St Peter’s church to mark 125 years

Warm welcome . . . Organising committee members Jane Fuller and Ron Luxton prepare for festivities at St Peter’s Church in Temuka. PHOTO: SHELLEY INON

St Peter’s Church in Temuka is celebrating 125 years of service to the community.

The occasion will be marked at the beginning of next month with a dinner for friends of the church and a special service, which will be open to all.

Organising committee spokeswoman Jane Fuller said she had a personal interest in the history of the church, as not only was she a parishioner, but her grandfather was vicar at St Peter’s in the 1930s.

‘‘And my grandmother — who had lived in many countries and towns — always said that Temuka was the place she felt most at home.’’

Mrs Fuller said while researching for the event, the committee had discovered there was a time capsule buried on the church premises.

However, despite large holes being dug, it had not been found.

She said the festivities would not only celebrate the church, but the community as well.

Perfect save . . . The church’s lectern was one of two things saved from the fire which destroyed the former church.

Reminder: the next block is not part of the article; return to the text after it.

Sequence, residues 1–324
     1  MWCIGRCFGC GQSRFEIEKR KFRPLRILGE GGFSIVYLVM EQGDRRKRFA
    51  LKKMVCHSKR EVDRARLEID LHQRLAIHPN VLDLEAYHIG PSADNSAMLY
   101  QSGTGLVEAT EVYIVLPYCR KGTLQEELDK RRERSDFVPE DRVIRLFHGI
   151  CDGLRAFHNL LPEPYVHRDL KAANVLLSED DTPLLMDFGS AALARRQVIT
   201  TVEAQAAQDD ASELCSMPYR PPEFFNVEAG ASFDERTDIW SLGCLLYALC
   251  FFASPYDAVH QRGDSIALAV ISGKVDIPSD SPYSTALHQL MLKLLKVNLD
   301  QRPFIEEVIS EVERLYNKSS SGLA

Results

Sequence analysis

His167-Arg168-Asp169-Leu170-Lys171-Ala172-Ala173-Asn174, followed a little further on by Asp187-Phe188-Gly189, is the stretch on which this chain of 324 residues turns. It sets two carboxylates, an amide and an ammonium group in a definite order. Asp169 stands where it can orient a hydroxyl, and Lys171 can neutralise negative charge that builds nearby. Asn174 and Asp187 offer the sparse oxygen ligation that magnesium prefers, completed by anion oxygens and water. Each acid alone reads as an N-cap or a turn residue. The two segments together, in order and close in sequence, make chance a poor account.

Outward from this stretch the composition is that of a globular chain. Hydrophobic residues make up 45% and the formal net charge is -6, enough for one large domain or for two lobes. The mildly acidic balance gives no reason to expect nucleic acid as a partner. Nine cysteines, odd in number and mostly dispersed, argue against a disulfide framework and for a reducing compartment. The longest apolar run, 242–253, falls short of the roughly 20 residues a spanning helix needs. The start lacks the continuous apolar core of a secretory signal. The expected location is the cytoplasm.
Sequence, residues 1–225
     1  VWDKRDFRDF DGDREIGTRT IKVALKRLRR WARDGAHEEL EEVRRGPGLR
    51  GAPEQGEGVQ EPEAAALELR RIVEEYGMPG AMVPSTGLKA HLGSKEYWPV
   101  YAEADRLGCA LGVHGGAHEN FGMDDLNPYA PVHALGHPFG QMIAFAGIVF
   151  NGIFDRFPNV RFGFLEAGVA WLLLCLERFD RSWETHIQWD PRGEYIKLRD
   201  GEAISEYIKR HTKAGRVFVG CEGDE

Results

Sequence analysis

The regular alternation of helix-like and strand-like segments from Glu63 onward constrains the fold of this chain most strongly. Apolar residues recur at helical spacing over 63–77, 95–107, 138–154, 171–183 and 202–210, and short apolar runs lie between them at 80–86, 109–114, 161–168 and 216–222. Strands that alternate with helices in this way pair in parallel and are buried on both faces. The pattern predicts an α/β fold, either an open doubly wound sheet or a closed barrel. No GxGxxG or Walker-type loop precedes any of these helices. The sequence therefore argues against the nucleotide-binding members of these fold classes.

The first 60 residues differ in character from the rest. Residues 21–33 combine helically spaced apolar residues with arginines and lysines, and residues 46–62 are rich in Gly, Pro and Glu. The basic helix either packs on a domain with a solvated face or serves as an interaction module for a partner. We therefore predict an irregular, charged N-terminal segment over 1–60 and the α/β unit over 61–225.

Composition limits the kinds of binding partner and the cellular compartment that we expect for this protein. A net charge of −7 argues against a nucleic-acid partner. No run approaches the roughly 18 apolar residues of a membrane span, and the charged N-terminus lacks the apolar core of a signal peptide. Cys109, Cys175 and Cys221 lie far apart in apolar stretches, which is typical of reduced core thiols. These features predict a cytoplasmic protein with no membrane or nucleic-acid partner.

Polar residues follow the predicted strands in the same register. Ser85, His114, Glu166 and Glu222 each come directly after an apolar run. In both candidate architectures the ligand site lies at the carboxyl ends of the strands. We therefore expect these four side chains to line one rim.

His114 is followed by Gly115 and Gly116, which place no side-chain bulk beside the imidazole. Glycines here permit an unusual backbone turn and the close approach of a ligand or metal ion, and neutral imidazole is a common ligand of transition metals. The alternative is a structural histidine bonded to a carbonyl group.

‘‘Our main goal of our mission action plan is to look for opportunities to be present in, and meet the needs of, our community.’’

That plan has had the church liaising with local groups such as Girl Guides (who decorated their Christmas tree last year) and providing baskets of Christmas goodies for the local primary school to give to deserving families each year, and helping out at the local foodbank.

She said the church held special events to support the community, such as Pink Ribbon Breakfast for breast cancer support, and had staged a concert to raise money for local farmers affected by floods.

She said it had been 125 years of worship, care and service in and around the community of Temuka, ‘‘connecting people to Christ’’.

St Peter’s was built on donated land after the former church — then called St Saviour’s — was destroyed by a fire in 1897.

The only thing salvaged from the fire was the lectern and the Bible, which the vicar had rushed in to save.

Volunteers had assisted with the building, including a group of men who lent traction engines free of cost, hauling blue stone from Timaru and limestone from Kakahu.

Mrs Fuller felt they were a friendly and welcoming group.

‘‘We always have morning tea after a service, as this builds and strengthens relationships.’’

The church also holds courses in conjunction with Anglican Care, with recent courses including parenting and grief.